“Don’t get me started on the Oxford comma.” says Zein, “It’s such a small, tiny detail but every time I have to remove it for guideline purposes or whatever, my heart dies just a little.” Pausing for a moment, she continues, “In all seriousness, I want to see more brands taking a step back and committing to making a difference with the power that they have while recognising their limitations too. An ad won’t save the world or end decades of conflict, but there are real steps that can be taken to make something of a difference, whether by driving awareness or platforming marginalised communities with real commitment to enact change. No fluff, no empty slogans, but actual tangible initiatives designed to help real people with very real problems. And that’s up to us to make happen.” 




Working on Bridgestone’s ‘Eyes on Road: Route to Ramadan’ campaign, Zein reflects on a campaign that not only had creativity but as she says, “actually did something.” She continues, “It brought together fleet drivers who would otherwise celebrate Ramadan alone and met them where they were with what they needed. It took what would’ve been a time of loneliness on the road and made it a time of community and celebration. To me, that’s incredibly cool.” Rather than spoon-feeding an audience, similar to her poems, Zein favours subtlety in all its aspects, encouraging trust between the audience. “Leaving out just enough for the reader/audience to connect the dots themselves. It makes them feel so much more involved and connected to the work. If audiences miss out on that “A-ha!” moment, so much is lost. “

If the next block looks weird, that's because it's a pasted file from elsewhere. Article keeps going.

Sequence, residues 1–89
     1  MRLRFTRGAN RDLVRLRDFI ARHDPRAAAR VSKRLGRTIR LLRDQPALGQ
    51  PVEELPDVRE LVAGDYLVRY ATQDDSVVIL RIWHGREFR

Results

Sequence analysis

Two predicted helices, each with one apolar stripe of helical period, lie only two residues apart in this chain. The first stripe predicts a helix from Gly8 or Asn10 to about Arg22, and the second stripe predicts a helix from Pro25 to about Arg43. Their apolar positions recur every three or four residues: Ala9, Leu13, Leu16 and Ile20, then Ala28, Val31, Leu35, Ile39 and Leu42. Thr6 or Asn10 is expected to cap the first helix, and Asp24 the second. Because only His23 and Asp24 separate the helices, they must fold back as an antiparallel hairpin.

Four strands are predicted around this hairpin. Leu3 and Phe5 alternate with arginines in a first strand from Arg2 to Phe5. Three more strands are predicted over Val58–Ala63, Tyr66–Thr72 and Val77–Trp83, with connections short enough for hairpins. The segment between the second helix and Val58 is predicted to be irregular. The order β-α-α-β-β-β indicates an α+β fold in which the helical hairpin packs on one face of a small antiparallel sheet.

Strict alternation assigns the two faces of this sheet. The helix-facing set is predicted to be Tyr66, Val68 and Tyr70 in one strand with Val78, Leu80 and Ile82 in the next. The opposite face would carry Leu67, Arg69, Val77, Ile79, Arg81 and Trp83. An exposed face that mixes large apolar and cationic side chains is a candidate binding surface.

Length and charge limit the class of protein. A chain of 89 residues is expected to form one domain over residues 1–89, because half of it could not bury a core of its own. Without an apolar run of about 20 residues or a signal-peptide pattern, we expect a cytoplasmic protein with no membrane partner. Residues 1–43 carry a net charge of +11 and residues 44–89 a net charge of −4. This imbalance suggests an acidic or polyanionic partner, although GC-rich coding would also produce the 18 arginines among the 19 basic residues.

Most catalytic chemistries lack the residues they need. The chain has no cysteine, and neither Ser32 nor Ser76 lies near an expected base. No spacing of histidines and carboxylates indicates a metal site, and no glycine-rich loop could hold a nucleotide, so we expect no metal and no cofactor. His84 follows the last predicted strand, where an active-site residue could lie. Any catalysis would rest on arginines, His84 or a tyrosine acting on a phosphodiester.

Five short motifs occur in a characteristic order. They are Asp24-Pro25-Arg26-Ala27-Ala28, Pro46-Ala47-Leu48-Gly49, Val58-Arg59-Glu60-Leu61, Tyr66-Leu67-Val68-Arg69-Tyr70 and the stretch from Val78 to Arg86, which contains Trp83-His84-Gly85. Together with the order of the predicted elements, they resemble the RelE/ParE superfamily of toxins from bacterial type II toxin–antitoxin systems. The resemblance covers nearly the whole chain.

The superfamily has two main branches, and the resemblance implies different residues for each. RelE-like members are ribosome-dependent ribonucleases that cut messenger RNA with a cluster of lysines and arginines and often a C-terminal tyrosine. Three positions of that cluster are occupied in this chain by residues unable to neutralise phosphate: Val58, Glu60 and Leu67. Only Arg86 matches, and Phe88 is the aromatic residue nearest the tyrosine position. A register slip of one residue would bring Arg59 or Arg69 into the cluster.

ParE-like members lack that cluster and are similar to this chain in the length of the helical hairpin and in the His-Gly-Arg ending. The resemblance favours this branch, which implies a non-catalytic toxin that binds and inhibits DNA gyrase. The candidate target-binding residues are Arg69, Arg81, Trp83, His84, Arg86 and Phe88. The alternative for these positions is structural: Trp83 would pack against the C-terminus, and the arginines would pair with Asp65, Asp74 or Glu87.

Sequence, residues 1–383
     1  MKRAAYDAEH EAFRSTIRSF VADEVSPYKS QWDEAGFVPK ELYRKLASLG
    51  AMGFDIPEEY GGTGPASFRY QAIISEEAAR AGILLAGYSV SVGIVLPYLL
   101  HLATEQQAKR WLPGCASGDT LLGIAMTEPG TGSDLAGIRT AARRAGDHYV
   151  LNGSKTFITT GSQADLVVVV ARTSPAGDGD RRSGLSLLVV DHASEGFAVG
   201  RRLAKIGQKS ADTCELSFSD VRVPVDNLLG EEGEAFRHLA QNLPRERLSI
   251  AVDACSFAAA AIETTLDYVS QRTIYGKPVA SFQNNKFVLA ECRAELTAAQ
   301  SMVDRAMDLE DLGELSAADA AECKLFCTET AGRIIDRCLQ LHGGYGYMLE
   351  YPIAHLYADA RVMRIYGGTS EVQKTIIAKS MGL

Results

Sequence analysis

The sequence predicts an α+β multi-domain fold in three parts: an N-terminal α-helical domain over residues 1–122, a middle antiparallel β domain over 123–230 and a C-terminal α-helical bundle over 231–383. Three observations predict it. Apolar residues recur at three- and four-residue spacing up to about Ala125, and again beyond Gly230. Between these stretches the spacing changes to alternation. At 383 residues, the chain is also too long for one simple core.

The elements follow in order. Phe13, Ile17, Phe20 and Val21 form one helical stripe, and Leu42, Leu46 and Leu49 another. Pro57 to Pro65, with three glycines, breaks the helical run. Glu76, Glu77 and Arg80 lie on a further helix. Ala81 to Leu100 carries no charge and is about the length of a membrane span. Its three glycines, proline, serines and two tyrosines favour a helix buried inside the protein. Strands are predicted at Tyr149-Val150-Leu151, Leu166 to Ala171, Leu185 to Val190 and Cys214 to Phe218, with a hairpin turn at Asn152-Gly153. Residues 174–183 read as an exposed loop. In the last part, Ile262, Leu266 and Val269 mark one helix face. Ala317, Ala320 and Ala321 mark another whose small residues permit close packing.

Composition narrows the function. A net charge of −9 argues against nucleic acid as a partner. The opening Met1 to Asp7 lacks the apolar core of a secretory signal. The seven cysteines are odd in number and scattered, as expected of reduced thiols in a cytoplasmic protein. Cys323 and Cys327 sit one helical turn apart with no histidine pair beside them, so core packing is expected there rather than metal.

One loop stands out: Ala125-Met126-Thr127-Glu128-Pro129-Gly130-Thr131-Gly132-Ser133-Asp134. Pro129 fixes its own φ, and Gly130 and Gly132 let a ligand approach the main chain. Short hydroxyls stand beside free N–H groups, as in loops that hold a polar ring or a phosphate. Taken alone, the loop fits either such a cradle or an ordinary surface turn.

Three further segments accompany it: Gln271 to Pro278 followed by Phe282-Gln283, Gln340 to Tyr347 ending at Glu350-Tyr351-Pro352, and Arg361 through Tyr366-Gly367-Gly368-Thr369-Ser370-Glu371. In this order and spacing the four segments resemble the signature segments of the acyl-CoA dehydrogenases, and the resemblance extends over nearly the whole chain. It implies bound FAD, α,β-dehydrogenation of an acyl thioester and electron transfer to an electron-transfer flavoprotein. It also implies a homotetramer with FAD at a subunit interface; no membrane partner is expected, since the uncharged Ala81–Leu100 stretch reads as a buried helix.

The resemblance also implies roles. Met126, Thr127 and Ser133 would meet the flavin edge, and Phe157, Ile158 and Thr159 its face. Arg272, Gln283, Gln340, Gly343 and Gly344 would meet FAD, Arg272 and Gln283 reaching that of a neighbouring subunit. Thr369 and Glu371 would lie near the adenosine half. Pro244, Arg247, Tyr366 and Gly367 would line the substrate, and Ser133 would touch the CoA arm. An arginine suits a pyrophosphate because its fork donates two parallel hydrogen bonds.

When she isn't crafting creative copy, Zein writes poems, “Poetry has been the true love of my life for as long as I can remember, and recently I’ve been a little alienated from it. But I’m clawing my way back, slowly but surely, picking up books, taking metaphors out for a spin, and surrounding myself with words.” But when she isn’t working on her words, she also has a passion for volleyball, getting outside whenever the Dubai heat permits it. On days where she can’t, she either finds herself reading the work of the likes of “Etel Adnan and Frank O’Hara” or indulging her guilty pleasure of watching “trash TV”. Careful to work on herself, she takes the advice of one of her inspirations, Sharon Olds and references a quote she once said when asked about her advice to writers, “Take your vitamins. Exercise. Just work to love yourself as much as you can – not more than the people around you but not so much less,” to which Zein says, “I take that with me and it’s done worlds of good.”

Sharing her passion for poetry, Zein has worked on BAHR // بحر, “an online multilingual literary platform” which published poems, prose and inter/anti-genre work as well as showcasing “creatives in SWANA [South West Asian/ North African region], with a specific focus on marginalised communities.” With the team consisting of just her, she’s firsthand seen the platform grow and the need to support the minority community. “The community it’s built, the love, trust, and grace it continues to receive, make it so infinitely worth it.”

Zein finishes by describing her motivation, “I feel driven by a lot of things. The two biggest factors are my indebtedness to the communities that made me (whether at work, friends, family, poetry, or in life). My desire is to honour and care for them. The second is that I always need to be learning something. If I’m not immersed in learning new things, I get bored. I feel like I’m a bottomless well of curiosity but in a good way. There’s just so much out there to learn and so many people to learn from. It never ends. I find that so exciting.”


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Serviceplan Middle East, Mon, 09 May 2022 15:13:00 GMT